Why only $135,000 why not $157,000 since they just make up numbers. Even people who have this kind of dough, to buy anything like this, they would still be better to think and buy stuff that ain't being sold at the absurdity levels. No audio amplifier can possibly justify this. $5,000 wires, yeah, really push the stick in harder and twist! Would love to be at the meetings of these companies as they laugh it up, when they sell one of these setups, and they drive home in a car that costs less, with much more technology in it, and does more. It's like teh price of a diamond, all made up contrived. Isn't this th ecompany that handed out teh miswired CD only player, that had a sticker of $27K? Guess the factory where it's made didn't get teh message of teh sale price, they figured they where making a $500 Cd player? What was even more disturbing, that MF and his hearing, didn't know it was out of phase! JA MEASURED and showed the $27K CD player was defective! Wonder what defects are in $135,000 speakers

GEORGE's picture

Why only $135,000 why not $157,000 since they just make up numbers. Even people who have this kind of dough, to buy anything like this, they would still be better to think and buy stuff that ain't being sold at the absurdity levels. No audio amplifier can possibly justify this. $5,000 wires, yeah, really push the stick in harder and twist! Would love to be at the meetings of these companies as they laugh it up, when they sell one of these setups, and they drive home in a car that costs less, with much more technology in it, and does more. It's like the price of a diamond, all made up contrived. Isn't this the company that handed out the miswired CD only player, that had a sticker of $27K? Guess the factory where it's made didn't get the message of the sale price, they figured they where making a $500 Cd player? What was even more disturbing, that MF and his hearing, didn't know it was out of phase! JA MEASURED and showed the $27K CD player was defective! Wonder what defects are in $135,000 amps

The Groove's picture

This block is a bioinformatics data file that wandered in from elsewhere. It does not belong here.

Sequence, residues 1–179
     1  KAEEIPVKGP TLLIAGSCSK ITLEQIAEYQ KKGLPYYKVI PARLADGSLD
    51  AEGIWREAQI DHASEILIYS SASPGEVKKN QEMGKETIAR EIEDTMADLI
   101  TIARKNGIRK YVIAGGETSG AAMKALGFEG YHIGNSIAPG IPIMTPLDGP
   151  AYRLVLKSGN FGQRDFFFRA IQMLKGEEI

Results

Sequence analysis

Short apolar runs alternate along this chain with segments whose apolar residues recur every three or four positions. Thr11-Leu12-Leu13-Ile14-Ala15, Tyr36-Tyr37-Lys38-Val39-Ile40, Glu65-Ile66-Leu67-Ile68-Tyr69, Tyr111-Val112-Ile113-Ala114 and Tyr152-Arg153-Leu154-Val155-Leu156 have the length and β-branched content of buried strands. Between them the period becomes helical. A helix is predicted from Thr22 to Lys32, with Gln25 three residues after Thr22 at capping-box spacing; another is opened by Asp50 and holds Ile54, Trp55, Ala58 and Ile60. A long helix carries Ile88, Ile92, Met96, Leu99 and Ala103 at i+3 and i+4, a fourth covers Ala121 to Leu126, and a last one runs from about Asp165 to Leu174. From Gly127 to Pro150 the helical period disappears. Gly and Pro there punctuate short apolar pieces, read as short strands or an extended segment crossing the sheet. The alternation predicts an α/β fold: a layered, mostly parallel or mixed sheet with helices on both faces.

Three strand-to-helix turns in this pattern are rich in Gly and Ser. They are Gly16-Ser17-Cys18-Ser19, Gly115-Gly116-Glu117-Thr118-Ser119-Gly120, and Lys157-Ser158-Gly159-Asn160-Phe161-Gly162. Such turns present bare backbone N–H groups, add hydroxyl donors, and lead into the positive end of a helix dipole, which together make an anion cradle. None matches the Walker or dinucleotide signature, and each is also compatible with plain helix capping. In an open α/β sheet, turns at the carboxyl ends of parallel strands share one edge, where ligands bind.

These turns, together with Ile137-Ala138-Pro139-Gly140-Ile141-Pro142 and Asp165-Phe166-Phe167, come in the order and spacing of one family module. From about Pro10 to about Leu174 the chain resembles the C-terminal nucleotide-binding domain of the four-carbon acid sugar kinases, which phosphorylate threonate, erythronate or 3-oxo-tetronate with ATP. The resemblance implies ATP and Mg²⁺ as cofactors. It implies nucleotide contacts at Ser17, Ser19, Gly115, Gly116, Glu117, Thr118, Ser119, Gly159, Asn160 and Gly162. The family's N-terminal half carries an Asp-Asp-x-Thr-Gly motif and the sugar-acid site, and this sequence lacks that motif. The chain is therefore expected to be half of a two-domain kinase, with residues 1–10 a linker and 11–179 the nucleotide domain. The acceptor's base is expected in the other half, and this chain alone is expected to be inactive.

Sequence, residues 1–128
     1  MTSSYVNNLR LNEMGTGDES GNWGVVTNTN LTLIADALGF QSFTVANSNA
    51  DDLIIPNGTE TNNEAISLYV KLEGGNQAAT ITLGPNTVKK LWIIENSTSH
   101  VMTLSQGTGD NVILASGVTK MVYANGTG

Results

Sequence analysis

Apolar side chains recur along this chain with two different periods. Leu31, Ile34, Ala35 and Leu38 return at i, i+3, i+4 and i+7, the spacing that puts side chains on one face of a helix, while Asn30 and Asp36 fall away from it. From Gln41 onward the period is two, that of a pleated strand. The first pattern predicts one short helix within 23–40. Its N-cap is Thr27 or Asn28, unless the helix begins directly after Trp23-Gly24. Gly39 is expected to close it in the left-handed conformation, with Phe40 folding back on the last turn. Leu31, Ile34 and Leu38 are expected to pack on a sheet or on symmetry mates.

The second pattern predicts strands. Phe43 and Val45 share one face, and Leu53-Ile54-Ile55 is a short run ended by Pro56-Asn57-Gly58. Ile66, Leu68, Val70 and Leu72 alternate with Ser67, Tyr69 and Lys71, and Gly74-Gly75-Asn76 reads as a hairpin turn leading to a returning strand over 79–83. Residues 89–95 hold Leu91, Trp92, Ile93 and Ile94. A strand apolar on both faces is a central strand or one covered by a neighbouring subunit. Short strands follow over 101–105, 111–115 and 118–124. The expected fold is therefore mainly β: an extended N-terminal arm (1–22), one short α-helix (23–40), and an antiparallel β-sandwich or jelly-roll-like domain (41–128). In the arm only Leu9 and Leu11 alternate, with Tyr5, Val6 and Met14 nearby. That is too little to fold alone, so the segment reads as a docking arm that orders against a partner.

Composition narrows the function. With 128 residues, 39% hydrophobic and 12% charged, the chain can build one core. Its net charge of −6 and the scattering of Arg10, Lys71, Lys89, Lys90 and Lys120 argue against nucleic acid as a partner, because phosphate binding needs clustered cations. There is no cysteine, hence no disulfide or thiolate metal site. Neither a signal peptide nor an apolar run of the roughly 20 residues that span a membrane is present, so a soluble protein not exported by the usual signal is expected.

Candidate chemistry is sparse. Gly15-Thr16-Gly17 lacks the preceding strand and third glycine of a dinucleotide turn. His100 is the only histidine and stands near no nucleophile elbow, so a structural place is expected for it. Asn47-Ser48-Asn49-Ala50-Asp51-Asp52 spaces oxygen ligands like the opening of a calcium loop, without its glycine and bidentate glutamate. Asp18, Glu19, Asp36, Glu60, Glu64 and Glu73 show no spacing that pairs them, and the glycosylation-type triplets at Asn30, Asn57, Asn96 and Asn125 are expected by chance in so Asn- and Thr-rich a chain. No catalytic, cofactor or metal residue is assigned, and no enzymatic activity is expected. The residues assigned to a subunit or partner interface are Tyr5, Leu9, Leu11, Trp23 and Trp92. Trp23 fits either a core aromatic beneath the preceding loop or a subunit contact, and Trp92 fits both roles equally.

The verbal diarrhea coming out of some folks is astounding...But has anyone heard the NHB-458 in this room and has an honest opinion about its sound? Could this room compete with the best sound of the show? Hats off to Herve and his team in pushing the envelope towards the ultimate and for that they may be awarded a handsome return. That's the way our world works...but that's too difficult for some people to comprehend.

Get-back-to-reality's picture

Verbal diarrhea perhaps, but please observe the following:Krell Evo One: 60.000 $/pairMark Levinson 53: 50.000 $/pairVTL Siegfried: 40.000 $/pairMaybe I just don't have enough $, however, I would chose any of the above any time and save the rest for new speakers. An absolutely absurd price on those 458 monos!

John Atkinson's picture

George asked "Isn't this the company that handed out the miswired CD only player, that had a sticker of $27K?" No, that was a Zanden. This Playback, darTZeel, and Evolution components feature some serious (and yes, expensive) audio engineering. And as expensive as the darTZeel amplifiers admittedly are, this room was perhaps the best-sounding I heard in Las Vegas, though the much less expensive EAR/Marten Getz system got close for much less money.

jmsent's picture

Jason writes: "It's about the music that gives us joy, and the equipment that brings it to us in all its glory."Actually, it's pretty much all about the equipment. Even this fancy getup will not bring us the music in ALL its glory. That still remains the sole domain of live music, and the quarter mil or so that this system costs is more than enough to pay for live concerts everyday for the rest of your life. Such systems-and I'm not singling this one out as CES was full of them-are so far out of the realm of "value for dollar" that the whole thing has turned into a tiny niche of a tiny niche. Yet for all its expense, you're still looking at a 7" 2 way WTW design + sub with a passive Xover. Hardly SOTA in technical terms, and certainly not the ultimate in dynamic range. It's a self fulfilling prophecy. Make something expensive enough and few people will buy it. And when so few customers are available, the only option for making money is to charge a fortune for it. Such is the "High End" of today.

tomcollins's picture

why do some of you guys indulge in this self-torture and then torture the rest of us with your "verbal diarrhea". please go read someone else's blogs and torture them with your whining. yes, its expensive, its a hobby, get over it. i have heard this exact setup with the exception that it is the stereo amp, not the monos, but with the addition of the top subs (same as the bottoms)and using a very fine turntable, in a custom room many times. it never fails to thrill and excite. counting the room and the treatments, it is probably the cost of a very decent house. my friend can afford it, it makes him happy, its how he chooses to spend his money, so what. i do the best i can with my system and enjoy it too. some would say i have spent crazy money too. again, so what. its my money, its what i like. don't whine to the rest of us who enjoy reading about such things. if i never own any of the items in that room, so what. guys, take a pill or better yet, get a life.

JackF's picture

tomcollins is right. If you want to spend the money, go for it!If you dont have the cash buy a NAD. It is so simple.

Kevin C's picture